KrisFlyer has two levels of award pricing for Singapore Airlines and SilkAir flights — Saver and Advantage. Both are fixed-price awards, unlike the fluctuating ‘Any Seat’ awards of Qantas and Velocity Frequent Flyer.
You’ll want to aim to redeem a Saver award unless you can’t take the risk of being on a waitlist and need the certainty of booking an Advantage award.
Saver awards are 30-50% cheaper than Advantage awards, but sneakily, Advantage pricing is listed first in the award chart, so make sure you scroll to the second page for the cheaper pricing.
Note that Saver awards allow you to have one free stopover on a return-trip booking only, whereas Advantage awards give you one free stopover for one-way bookings as well.
Read more: Singapore Airlines KrisFlyer guides
Cathay Pacific Asia Miles
‘Saver’ reward equivalent: Standard
‘Standard’ reward equivalent: Choice and Tailored (even more expensive)
Asia Miles has three levels of award pricing: Standard, Choice and Tailored.
Standard is the one to aim for with ‘Saver’-level rates. Choice awards are a a good second ‘choice’ if you really need to be on that flight or must access award space a week earlier.
Tailored awards are usually around triple the rate of Standard awards, so are best left alone unless your travel with miles is crucial.
Read more: Cathay Pacific Asia Miles guides
‘Saver’ reward equivalent: Classic Rewards
‘Standard’ reward equivalent: Cash+Miles
Like its major partner Qantas, Emirates also offers limited fixed-price Classic Rewards in all classes of travel, as well as the ability to pay commercial fares with its Cash+Miles option.
Be sure to toggle on ‘Redeem Skywards Miles’ on the flight search page to be shown Classic Reward seat options, such as below.
Read more: 7 best uses of Emirates Skywards miles
‘Saver’ reward equivalent: GuestSeat
‘Standard’ reward equivalent: OpenSeat
There is a big difference between these two types of awards. You can see that in this example that the OpenSeat pricing is more than triple the GuestSeat pricing.
GuestSeats cost a fixed amount depending on the flown distance (hence its uneven pricing) while OpenSeats convert your miles to the revenue value of the ticket, which fluctuates according to demand.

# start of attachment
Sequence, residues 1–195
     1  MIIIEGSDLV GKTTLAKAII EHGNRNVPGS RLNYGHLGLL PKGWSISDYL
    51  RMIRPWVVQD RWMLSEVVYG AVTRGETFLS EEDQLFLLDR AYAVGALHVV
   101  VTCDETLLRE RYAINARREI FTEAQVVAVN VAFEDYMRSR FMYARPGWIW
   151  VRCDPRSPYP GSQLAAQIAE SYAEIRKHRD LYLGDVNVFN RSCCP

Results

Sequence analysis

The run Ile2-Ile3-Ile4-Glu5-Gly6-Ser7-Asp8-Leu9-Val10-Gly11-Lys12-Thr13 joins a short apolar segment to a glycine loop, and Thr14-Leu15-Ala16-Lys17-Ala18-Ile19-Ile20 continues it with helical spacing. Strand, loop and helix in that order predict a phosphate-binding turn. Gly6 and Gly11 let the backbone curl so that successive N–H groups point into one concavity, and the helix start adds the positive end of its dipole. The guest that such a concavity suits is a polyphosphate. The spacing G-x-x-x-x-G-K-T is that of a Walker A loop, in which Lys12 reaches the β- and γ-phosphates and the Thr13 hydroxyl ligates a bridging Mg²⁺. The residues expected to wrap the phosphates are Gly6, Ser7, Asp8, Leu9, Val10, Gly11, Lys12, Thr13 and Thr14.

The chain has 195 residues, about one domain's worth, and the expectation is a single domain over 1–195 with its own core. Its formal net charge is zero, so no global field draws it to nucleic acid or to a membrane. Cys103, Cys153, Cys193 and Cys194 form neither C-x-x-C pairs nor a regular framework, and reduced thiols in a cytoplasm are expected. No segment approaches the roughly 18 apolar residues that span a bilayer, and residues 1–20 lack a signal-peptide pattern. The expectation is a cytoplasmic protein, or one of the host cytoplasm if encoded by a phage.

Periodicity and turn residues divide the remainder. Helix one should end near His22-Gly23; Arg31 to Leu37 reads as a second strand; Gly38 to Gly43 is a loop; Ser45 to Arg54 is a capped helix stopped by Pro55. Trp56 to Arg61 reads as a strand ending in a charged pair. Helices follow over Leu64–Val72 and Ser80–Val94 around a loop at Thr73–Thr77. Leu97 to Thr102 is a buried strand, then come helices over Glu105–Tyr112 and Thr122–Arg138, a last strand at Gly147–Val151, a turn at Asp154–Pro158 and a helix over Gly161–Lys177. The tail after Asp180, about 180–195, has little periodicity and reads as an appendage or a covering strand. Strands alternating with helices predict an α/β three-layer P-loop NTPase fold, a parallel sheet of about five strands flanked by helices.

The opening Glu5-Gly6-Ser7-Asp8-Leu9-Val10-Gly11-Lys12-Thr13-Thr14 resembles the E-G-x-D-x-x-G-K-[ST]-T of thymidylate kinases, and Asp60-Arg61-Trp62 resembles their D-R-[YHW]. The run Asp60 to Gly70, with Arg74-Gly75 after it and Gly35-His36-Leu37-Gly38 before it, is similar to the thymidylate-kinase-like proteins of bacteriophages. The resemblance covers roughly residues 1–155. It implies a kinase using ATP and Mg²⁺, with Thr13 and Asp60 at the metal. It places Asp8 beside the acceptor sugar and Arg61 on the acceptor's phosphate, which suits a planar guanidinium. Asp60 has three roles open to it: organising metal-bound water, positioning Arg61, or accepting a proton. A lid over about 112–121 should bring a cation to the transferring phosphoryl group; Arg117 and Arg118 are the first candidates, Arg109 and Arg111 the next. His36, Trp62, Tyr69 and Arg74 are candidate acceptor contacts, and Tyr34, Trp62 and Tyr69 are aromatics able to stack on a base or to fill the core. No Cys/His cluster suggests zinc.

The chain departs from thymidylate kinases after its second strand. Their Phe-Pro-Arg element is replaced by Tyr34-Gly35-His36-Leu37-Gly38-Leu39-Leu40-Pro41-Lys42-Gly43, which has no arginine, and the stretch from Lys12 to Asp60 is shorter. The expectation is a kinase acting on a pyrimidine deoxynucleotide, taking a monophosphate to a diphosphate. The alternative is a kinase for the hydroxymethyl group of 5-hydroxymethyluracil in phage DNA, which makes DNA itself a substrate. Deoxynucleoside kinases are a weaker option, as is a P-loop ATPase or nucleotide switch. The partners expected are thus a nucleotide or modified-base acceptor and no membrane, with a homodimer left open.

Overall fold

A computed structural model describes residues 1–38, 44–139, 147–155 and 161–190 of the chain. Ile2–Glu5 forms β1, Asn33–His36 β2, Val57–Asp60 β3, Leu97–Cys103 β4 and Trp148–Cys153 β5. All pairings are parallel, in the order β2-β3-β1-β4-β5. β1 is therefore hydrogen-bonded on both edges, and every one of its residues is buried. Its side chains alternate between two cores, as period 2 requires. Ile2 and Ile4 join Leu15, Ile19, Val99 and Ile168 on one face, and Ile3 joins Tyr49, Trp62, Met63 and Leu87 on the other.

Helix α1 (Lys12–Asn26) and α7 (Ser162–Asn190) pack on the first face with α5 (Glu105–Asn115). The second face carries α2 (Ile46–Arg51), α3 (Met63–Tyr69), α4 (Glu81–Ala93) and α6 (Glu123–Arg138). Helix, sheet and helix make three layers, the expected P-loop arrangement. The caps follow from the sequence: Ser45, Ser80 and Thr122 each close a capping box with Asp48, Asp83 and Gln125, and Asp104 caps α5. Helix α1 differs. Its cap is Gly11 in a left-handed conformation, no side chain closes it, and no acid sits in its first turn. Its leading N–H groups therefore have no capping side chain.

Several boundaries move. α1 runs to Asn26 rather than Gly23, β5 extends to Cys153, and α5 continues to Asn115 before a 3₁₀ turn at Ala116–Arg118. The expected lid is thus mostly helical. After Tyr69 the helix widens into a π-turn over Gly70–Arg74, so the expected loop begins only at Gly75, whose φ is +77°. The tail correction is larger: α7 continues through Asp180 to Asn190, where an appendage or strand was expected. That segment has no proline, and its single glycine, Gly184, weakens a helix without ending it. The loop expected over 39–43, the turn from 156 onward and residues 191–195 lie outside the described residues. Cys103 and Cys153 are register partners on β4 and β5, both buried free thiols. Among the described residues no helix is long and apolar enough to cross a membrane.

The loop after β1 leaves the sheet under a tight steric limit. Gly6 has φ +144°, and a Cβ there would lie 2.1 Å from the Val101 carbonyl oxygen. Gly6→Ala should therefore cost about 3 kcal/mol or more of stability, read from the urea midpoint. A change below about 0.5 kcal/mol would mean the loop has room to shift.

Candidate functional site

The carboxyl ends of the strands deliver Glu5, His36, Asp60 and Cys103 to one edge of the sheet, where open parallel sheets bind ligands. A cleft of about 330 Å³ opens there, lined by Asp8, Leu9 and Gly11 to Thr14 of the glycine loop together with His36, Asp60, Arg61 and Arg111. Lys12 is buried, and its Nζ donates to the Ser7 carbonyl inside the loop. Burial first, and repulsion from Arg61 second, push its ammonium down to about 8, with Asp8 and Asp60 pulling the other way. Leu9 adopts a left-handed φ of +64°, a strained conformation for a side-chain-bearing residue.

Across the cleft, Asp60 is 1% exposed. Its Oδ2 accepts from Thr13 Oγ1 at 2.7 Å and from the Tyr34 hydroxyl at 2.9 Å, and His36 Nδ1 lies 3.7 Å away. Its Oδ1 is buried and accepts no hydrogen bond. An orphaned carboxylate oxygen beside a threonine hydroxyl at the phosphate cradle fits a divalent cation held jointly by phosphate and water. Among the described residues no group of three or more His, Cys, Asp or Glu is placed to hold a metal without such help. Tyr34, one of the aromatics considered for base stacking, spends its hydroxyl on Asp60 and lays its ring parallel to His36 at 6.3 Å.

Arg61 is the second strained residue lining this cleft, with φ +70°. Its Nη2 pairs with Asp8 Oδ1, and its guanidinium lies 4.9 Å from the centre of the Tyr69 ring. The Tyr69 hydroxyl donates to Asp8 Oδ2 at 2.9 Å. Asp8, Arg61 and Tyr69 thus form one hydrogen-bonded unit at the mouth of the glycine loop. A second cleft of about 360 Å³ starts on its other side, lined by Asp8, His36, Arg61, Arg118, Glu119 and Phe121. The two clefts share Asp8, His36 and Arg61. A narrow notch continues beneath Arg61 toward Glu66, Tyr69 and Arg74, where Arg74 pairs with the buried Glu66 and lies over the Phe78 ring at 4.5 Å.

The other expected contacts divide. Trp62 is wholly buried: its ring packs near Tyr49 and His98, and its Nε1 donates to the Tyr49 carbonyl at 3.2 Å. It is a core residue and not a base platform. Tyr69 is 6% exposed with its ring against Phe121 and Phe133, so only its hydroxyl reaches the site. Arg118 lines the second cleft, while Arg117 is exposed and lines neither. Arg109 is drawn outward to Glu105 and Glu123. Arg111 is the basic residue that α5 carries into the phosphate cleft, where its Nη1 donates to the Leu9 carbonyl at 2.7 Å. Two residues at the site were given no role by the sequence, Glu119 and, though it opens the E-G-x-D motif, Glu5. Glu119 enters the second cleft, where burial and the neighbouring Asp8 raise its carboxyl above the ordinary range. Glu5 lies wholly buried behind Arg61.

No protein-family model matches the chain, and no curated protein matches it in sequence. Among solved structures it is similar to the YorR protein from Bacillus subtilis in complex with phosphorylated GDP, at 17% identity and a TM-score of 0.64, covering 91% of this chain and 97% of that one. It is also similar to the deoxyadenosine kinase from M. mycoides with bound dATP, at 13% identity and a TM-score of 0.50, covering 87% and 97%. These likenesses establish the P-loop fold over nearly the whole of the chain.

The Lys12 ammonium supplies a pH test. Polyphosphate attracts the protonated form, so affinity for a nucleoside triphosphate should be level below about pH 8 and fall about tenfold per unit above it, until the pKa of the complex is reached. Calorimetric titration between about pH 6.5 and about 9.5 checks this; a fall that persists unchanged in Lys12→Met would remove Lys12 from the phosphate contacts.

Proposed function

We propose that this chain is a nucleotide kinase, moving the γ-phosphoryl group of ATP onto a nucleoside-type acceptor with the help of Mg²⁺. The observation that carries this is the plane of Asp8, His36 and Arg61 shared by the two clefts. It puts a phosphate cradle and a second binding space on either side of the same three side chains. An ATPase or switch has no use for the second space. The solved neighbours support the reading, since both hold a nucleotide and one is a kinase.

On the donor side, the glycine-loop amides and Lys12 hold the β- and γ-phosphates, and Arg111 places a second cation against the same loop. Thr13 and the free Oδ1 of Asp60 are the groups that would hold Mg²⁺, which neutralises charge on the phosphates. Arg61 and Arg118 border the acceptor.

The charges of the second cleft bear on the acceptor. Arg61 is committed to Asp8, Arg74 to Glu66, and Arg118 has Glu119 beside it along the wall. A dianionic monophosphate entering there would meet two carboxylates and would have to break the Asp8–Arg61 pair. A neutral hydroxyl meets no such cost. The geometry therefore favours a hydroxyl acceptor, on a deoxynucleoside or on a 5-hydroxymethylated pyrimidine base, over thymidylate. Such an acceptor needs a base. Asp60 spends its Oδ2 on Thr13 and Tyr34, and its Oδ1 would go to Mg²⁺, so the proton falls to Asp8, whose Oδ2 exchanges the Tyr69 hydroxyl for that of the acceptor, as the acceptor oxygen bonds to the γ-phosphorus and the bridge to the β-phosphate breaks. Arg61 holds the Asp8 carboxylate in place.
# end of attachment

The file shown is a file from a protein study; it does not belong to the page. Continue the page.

United’s loyalty program moved to a dynamic pricing model in November 2019 for United flights and April 2020 for partner flights. There is now no differentiation between Saver and Standard pricing. Rather, pricing reflects the demand for that particular flight.
Read more: Guide to buying United MileagePlus miles
It can be a real struggle to find reward seats on the routes and dates you want. It’s all part of the game, unfortunately. Here are some tips to help you use the least amount of points when trying to book reward seat travel:
- Look at the first column of your search results, which will probably be the cheapest pricing at the ‘Saver’-equivalent level
- If it’s not available and you have date flexibility, then look at dates around your original search
- If you have flexibility in where you fly from or fly to, then search those alternate city pairs as well
In worst case scenarios, it may be worth considering the ‘Standard’-equivalent price if its also fixed (such as with KrisFlyer and Asia Miles).
But it may be harder to justify this when the cost is tied to the revenue cash fare, in which case you might want to consider just paying cash instead and saving your points for another occasion.
Do you have a travel-related question? Ask us in the comments below or in the Point Hacks Community.
This article was originally written by Matt Moffitt.